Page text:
Dare to be stupid

CMN Guest Blog 10/22/09 7:35 PM

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Dr. Vince Filak is an award-winning teacher, scholar and college media adviser. He currently works as an assistant professor of journalism at the University of Wisconsin-Oshkosh, where he advises the Advance-Titan, the school's weekly newspaper. Prior to his arrival at UW-O, he was an associate professor of journalism at Ball State University where he served as the adviser to the Ball State Daily News.

In 2007, he was named an Honor Roll recipient by College Media Advisers, Inc., an award given to distinguished advisers with fewer than five years experience as an adviser. As a student at the University of Wisconsin-Madison, he helped resurrect the Daily Cardinal, the country's sixth-oldest student daily paper through the savvy negotiation of more than $137,000 worth of debt. His efforts landed him on the list of the paper's 110 Most Notable Alumni, which was released in 2002. He currently sits on both the Daily Cardinal Alumni Association and the Daily Cardinal boards of directors. He currently lives in Omro, Wis. with his wife, Amy, and their daughter, Zoe.

Despite all of this, his most joyous moment was meeting Mike Eruzione of the 1980 U.S. Olympic Hockey Team (the guy on his right). Yes, he is very weird, which is why he fits in perfectly in a newsroom.

Vince Filak, Ph.D.
Advance-Titan Adviser
University of Wisconsin-Oshkosh

Much has been made of the decision to host the CMA/ACP conference along Halloween weekend. While I’m just as perturbed as many of the folks who are upset they won’t be seeing their children off to trick or treating, I do consider the timing to be a fortuitous blessing nonetheless.

 

Halloween is one of two times each year that the Advance-Titan puts out a spoof issue. (The other, obviously, is April Fool’s.) The benefit of being in Austin this coming week is that I will have plausible deniability when it comes to whatever infantile ideas drop out of their heads. The downside is that I’ll likely be up at 3 a.m., hitting the refresh button on my Web browser, trying to find out exactly how crass they were this year.

 

Truth be told, I’m not a humorless adviser. I enjoy a great bit of comedy as much as anyone else. I cut my teeth on Bill Cosby’s tapes and I think I wore out the needle on my phonograph listening to George Carlin’s “Class Clown.” I own the Richard Pryor box set and I still listen to it on long car rides. (Those without my 4-year-old present, mind you.) I love humor in all of its forms.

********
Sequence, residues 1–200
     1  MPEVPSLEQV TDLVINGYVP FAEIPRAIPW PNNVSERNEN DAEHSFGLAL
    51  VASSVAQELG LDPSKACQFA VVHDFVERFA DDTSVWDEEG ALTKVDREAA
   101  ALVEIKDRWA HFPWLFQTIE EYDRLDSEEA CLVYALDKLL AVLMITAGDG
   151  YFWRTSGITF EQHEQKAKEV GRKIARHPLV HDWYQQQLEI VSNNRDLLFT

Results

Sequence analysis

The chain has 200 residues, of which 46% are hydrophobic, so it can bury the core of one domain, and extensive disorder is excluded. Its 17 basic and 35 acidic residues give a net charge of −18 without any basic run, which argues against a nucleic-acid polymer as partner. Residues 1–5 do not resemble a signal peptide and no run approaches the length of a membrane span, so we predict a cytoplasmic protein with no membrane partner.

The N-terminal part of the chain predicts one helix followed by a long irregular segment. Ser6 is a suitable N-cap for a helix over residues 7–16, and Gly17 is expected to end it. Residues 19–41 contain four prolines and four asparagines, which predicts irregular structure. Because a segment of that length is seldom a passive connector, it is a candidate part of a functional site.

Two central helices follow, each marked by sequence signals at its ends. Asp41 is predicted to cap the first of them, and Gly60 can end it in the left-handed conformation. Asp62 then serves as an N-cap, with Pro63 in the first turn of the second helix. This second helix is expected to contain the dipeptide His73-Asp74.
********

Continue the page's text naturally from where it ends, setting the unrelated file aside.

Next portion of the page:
However, what I’ve found is that there’s a fine line between humor and caustic meanness. Finding exactly where that line is can be difficult and those folks who do it once a year often find themselves on the wrong side of that line. It’s also not great being on the other side of someone’s humor faux pas.

 

Here are the compelling arguments I tend to make each time someone talks about doing an issue like this:

 

- Humor is a drastically wide-ranging and variable thing. If you need any proof of this, just show up at my parents’ house when a Peter Sellers movie comes on. Dad and I are laughing our heads off while Mom and Amy are looking at us like we are in some way brain damaged. Conversely, when Amy is listening to an audio book of some British lady talking about some weird thing going on in London, she’s laughing and I’m wondering if there’s a way to create a trade embargo against stuff like this. When you spend a lot of time in the newsroom, you tend to find things funny that most people find offensive. It’s mortician’s humor, so to speak, and it’s a great defense mechanism against what we see every day. However, it doesn’t translate well.

 

- Inside jokes are best kept inside the newsroom. Things that are funny in the newsroom are often funny because you know what is involved in them. If you rip on an editor for having a strange drunken tryst or for failing to show up for an 8 a.m. class with the adviser, it’s funny to you. However, the 5,000, 10,000 or 50,000 people remaining on your campus are likely left in the dark and it’s no longer funny.

 

- The effort is a waste. If you’ve got time to carefully hone a humorous message that will knock the socks off of your readers, you’ve got time to figure out how to file a FOIA request, study deeper problems with student government or work on an epic profile. We tend to invest too much into stuff that doesn’t matter. For more proof of this, I think there is an E! True Hollywood Stories marathon running right about now.

 

- You don’t need help to look stupid. If there’s any argument worth making it’s this one. The students screw stuff up all the time. We run corrections far too often and we are often on the edge of “not quite right.” And those are on the good days. Ask a handful of students on your campus what they think of the student paper and words like “a joke,” “pointless,” “stupid” and “worthless” aren’t rarities in those conversations. Of course, that’s a bit harsh, but the last thing you’re looking to do is give them more ammo for their negative opinions. The more you go about doing purposefully dumb stuff, the more these people are going to be right.

 

I make these arguments often, but in the end, the show goes on.

 

Fortunately for me, I won’t be near the stage when it does.

 

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